Louisiana vouchers ruled unconstitutional. Jindal calls ruling “a travesty”

by David Safier

Louisiana's school voucher law that began operation this school year was ruled unconstitutional in District Court. The ruling will be appealed.

Gov. Bobby Jindal isn't happy. Channeling Woody Allen in Bananas, Jindal called the ruling "wrong headed and a travesty." If he were a true Woody-file, he would have continued,

"It's a travesty of a mockery of a sham of a mockery of a travesty of two mockeries of a sham. I move for a mistrial."

Watch the clip below the fold.

 

0 responses to “Louisiana vouchers ruled unconstitutional. Jindal calls ruling “a travesty”

  1. Prup (aka Jim Benton)

    What is so surprising and delightful about the ruling is the judge who gave it. Judge Tom Kelley had such a history of involvement with the Jindal Administration that Lamar White, the blogger who has been the driving force behind exposing the insanity went ballistic when the Judge announced that he ‘wouldn’t need post-argument briefs’ because he was sure he’d be able to rule right way. It seemed obvious ‘the fix was in’ and White did everything but call on the judge to recuse himself. Then Kelley came down with a ruling this strong against the system, ‘Judge Kelley’s 39-page decision represents the most significant ruling to date on the constitutionality of diverting Minimum Foundation Program (MFP) dollars to fund Jindal’s experimental and controversial “school voucher program.”’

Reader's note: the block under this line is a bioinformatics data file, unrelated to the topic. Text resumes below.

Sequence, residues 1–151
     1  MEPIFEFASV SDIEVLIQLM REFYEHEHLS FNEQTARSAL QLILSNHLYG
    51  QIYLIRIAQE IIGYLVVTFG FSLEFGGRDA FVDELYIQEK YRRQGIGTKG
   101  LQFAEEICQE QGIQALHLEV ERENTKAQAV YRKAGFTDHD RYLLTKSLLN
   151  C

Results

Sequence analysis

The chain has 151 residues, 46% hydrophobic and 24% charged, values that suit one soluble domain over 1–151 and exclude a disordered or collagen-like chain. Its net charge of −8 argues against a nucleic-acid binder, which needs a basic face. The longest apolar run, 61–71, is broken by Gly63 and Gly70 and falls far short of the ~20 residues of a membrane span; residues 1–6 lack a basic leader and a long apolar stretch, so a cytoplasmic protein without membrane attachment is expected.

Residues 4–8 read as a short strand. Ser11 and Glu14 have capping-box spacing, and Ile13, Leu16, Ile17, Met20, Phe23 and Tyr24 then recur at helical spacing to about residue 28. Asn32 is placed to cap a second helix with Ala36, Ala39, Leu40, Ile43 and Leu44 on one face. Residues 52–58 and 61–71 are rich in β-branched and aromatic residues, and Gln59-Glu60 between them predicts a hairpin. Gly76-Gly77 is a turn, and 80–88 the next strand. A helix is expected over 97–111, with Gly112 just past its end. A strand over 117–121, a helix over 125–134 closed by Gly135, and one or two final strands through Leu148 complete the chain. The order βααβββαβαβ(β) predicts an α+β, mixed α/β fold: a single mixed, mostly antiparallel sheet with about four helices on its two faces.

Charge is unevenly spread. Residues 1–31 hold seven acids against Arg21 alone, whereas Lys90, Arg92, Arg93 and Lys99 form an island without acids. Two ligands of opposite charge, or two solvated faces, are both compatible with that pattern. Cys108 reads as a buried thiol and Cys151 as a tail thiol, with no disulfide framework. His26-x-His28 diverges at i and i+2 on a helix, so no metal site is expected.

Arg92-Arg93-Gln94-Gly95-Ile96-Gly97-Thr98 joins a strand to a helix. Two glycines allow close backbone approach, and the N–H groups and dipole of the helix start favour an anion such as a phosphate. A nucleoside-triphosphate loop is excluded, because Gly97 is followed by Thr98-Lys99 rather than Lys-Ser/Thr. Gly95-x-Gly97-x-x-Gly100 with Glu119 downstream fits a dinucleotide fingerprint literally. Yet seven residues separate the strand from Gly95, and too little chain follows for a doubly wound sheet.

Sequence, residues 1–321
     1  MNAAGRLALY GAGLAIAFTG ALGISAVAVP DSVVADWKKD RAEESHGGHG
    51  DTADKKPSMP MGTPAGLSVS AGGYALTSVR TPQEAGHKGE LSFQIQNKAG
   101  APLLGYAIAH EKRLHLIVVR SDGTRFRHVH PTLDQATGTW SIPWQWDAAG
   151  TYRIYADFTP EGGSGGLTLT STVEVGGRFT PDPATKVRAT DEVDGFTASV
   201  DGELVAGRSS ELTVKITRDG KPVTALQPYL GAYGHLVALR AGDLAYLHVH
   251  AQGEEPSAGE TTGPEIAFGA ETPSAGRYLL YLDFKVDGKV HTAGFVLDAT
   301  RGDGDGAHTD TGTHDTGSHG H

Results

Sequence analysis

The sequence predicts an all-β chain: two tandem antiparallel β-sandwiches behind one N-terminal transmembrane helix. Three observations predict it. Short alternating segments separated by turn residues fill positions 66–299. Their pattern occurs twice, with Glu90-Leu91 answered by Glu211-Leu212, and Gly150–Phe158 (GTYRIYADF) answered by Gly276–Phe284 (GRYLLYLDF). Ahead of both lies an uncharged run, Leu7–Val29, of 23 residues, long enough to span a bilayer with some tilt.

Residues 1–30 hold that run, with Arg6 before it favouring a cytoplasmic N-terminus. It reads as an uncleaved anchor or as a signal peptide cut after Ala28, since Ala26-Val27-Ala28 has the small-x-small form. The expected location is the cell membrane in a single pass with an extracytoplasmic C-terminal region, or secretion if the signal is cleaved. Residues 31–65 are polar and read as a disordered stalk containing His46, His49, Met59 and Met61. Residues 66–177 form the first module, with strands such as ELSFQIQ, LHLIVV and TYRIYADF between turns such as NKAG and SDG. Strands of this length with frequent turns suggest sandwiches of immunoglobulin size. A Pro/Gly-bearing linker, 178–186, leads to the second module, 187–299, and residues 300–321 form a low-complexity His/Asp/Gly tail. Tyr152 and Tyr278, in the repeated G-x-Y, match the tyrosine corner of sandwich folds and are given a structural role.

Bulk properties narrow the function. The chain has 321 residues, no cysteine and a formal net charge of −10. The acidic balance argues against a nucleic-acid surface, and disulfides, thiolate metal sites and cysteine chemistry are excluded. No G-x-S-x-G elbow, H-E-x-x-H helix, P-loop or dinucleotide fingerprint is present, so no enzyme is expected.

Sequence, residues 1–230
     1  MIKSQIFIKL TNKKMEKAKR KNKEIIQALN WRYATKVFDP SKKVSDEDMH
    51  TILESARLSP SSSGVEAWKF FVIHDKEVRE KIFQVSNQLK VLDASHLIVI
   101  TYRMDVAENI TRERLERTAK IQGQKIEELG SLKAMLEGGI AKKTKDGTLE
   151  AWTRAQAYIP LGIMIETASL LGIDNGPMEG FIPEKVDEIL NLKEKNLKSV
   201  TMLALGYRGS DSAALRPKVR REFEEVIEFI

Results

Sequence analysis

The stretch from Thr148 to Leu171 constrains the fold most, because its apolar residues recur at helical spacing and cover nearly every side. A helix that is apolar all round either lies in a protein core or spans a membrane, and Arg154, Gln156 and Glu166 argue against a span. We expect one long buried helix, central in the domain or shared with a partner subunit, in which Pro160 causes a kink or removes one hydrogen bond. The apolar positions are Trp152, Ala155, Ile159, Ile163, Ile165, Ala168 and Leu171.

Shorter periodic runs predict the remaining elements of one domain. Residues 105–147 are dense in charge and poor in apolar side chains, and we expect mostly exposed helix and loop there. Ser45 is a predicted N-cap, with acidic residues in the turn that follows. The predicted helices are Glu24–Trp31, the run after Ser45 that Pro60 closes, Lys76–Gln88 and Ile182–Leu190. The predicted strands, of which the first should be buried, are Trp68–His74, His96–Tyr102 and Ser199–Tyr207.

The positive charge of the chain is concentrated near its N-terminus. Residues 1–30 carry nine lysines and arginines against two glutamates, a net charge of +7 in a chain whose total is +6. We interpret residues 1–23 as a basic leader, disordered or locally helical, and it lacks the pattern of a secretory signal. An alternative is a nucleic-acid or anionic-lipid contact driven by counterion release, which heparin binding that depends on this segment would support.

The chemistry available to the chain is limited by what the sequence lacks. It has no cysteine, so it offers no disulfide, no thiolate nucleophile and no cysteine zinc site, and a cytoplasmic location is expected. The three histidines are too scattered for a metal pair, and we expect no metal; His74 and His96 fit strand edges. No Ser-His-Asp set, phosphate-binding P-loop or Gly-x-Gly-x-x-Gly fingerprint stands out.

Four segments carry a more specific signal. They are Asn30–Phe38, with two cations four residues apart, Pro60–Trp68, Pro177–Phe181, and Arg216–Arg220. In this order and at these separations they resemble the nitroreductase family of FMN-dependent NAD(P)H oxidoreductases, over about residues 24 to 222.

And fpr those of you who haven’t been following the story, this is a bit worse than the sort of charter schools programs David has been chronicling. Your schools rip off the state, sure, and give, usually, a second-rate education, but it’s at least a real education. They don’t teach things like this, quoting White again:
    some of whom have already attracted national media coverage for their adoptions of a radically religious right education: Evolution is fake; fossils are God (or Satan?) tempting our faith; the Loch Ness monster is training right now with Michael Phelps; when Noah built the ark, he rounded up a series of 10 ton dinosaurs.

    That’s not an exaggeration, if you’ve had a chance to read White, Zack Kopplin, or Rachel Tabachnick on the schools and textbooks involved, you’d see state money being poured into schools using Creationost textbooks, (yes, including using the Loch Ness Monster as evidence for it) textbooks that teach paranoiac views of liberalism, that defend ‘Christian nation nonsense’ etc.

    For a good discussion of just what these schools — and others using the same textbooks — teach, there are several versions of an article by Tabachnick that discusses them, point by point. Here’s a fully footnoted version. Just a couple of quotes on fields other than creationism:
    The textbooks’ position on social issues are virulent anti-gay, similar to those of Religious Right organizations (heavily funded by Betsy DeVos and family) that have been labeled as hate groups by the Southern Poverty Law Center, and they are fiercely anti-abortion; but they also teach a radical laissez-faire capitalism. Government safety nets, regulation, minimum wage, and progressive taxes are described as contrary to the Bible.